Like any record one listens to excessively, eventually I went off it. Not in an “I hate it” kind of way, but as my taste changed I became more attracted to the noise of its successor, In Utero. Nevermind, even though it’s completely overproduced, spoke to me exactly the same way it spoke to a generation.

Times change.

In my 25th year I rediscovered Nirvana. More specifically I rediscovered In Utero and, even with the 20th anniversary of the band’s seminal record, I only revisited Nevermind today when I heard Kevin Devine’s version of it.

What’s the point of this, I hear you cry?

In all the histrionics surrounding the 20th anniversary of this record and its re-release, it’s sometimes important to reflect on how music affects people. Nirvana, like Oasis and Green Day after them, inspired thousands of kids to pick up guitars and start their own bands and while that’s a great achievement, when people talk of “legendary” records it seems their influence is measured on how many bands sprung up in the wake of them. When you remember Nevermind, when you read about how great it is, how influential it has been, take an extra moment to reflect on the profound impact music has on us in our adolescence. Teenage rebellion always sounds good, and while I can’t relate to the transformative moment Nevermind had on rock music at the time, much in the same way I can’t relate to how Never Mind the Bollocks changed rock music in the last 70s, I’m absolutely certain that Nevermind continues to touch and change youth in the same way now as it did to me a generation ago and to others a generation before that.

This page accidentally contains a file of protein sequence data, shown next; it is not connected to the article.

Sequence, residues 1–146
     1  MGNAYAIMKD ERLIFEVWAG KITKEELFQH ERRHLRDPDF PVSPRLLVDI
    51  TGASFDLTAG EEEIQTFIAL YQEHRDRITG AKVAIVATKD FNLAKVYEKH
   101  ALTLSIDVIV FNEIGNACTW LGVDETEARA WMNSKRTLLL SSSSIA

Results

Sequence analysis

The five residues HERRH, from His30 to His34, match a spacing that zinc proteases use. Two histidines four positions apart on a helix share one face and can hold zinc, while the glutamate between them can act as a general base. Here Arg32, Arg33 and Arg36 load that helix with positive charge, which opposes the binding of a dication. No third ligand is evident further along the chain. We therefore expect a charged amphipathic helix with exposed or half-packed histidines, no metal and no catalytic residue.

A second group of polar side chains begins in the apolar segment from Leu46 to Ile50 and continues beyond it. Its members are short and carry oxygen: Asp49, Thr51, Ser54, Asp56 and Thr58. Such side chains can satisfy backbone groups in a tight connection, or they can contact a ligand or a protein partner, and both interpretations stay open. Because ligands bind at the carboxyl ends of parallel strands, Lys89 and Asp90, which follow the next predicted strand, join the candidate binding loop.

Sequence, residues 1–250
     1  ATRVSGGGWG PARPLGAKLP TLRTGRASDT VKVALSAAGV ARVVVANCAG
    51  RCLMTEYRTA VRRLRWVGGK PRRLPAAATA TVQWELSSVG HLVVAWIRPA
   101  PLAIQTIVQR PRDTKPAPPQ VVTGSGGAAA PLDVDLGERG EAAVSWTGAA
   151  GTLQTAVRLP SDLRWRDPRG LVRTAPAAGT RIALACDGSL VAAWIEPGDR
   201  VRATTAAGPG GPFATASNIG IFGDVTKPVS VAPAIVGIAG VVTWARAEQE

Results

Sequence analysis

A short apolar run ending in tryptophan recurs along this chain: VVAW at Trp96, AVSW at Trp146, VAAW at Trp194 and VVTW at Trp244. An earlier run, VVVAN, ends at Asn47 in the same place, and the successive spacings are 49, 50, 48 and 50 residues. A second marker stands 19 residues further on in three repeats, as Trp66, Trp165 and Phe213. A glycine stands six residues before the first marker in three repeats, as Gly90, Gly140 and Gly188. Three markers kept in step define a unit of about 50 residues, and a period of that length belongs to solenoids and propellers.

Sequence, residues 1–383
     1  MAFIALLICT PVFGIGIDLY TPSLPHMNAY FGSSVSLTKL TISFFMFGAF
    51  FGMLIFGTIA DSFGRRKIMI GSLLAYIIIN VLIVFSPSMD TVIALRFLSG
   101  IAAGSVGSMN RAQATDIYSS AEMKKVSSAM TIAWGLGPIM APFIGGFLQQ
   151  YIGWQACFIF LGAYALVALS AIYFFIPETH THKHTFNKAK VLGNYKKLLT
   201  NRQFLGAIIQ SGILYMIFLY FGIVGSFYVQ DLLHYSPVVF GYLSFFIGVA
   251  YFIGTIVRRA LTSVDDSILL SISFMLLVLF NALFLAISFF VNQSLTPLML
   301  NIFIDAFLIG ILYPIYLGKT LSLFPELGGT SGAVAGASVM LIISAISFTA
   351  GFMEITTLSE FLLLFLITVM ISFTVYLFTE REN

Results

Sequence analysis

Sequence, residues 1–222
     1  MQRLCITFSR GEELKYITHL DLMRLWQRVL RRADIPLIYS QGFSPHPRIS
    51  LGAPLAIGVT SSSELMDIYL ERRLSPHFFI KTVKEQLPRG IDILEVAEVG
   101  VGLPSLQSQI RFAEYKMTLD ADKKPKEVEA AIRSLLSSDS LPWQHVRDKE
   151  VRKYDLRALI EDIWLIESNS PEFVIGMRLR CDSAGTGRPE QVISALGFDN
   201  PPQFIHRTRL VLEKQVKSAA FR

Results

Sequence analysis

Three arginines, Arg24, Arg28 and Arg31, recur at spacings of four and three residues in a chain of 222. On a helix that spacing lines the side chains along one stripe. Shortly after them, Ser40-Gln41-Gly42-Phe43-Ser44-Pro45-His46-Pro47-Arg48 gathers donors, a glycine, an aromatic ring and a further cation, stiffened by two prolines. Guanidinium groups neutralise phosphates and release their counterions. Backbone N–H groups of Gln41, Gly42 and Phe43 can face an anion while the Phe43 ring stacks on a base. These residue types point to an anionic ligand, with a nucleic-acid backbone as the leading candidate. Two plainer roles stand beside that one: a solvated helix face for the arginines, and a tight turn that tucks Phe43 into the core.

It’s easy to forget that. Most people who write about a seminal record will count influence as the amount of other bands that exist because of it. Yes, that’s important, but the music of our teens will, for many people, shape their listening habits and connection to music for the rest of their lives. The best records transcend the moment where they changed the outlook of music; they continually change people for years afterwards.

Day Two Hundred and Sixty Eight: Scottish Friction

A friend of mine posted this Edwin Morgan poem on Facebook earlier and I thought I’d share it.

Although I studied Morgan in Scottish Literature last year (and do so in my spare time) the first experience of his poetry was in the Idlewild songs ‘Scottish Fiction’. The poem of the same name was written specifically for the Idlewild album ‘The Remote Part’ at the behest of the band’s singer Roddy Woomble (who perhaps wins the award for the least rock star name in the world) and if you want to hear the song, which is closed by Morgan’s reading of the poem, then click here.

The poem is excellent and can be read below. As ever, copyright belongs to Edwin Morgan’s Estate.

Red Road Flats

Scottish Fiction
by Edwin Morgan

It isn’t in the mirror
It isn’t on the page
It’s a red-hearted vibration
Pushing through the walls
Of dark imagination
Finding no equation
There’s a Red Road rage
But it’s not road rage
It’s asylum seekers engulfed by a grudge
Scottish friction
Scottish fiction

It isn’t in the castle
It isn’t in the mist
It’s a calling of the waters
As they break to show
The new Black Death
With reactors aglow
Do you think your security
Can keep you in purity
You will not shake us off above or below
Scottish friction
Scottish fiction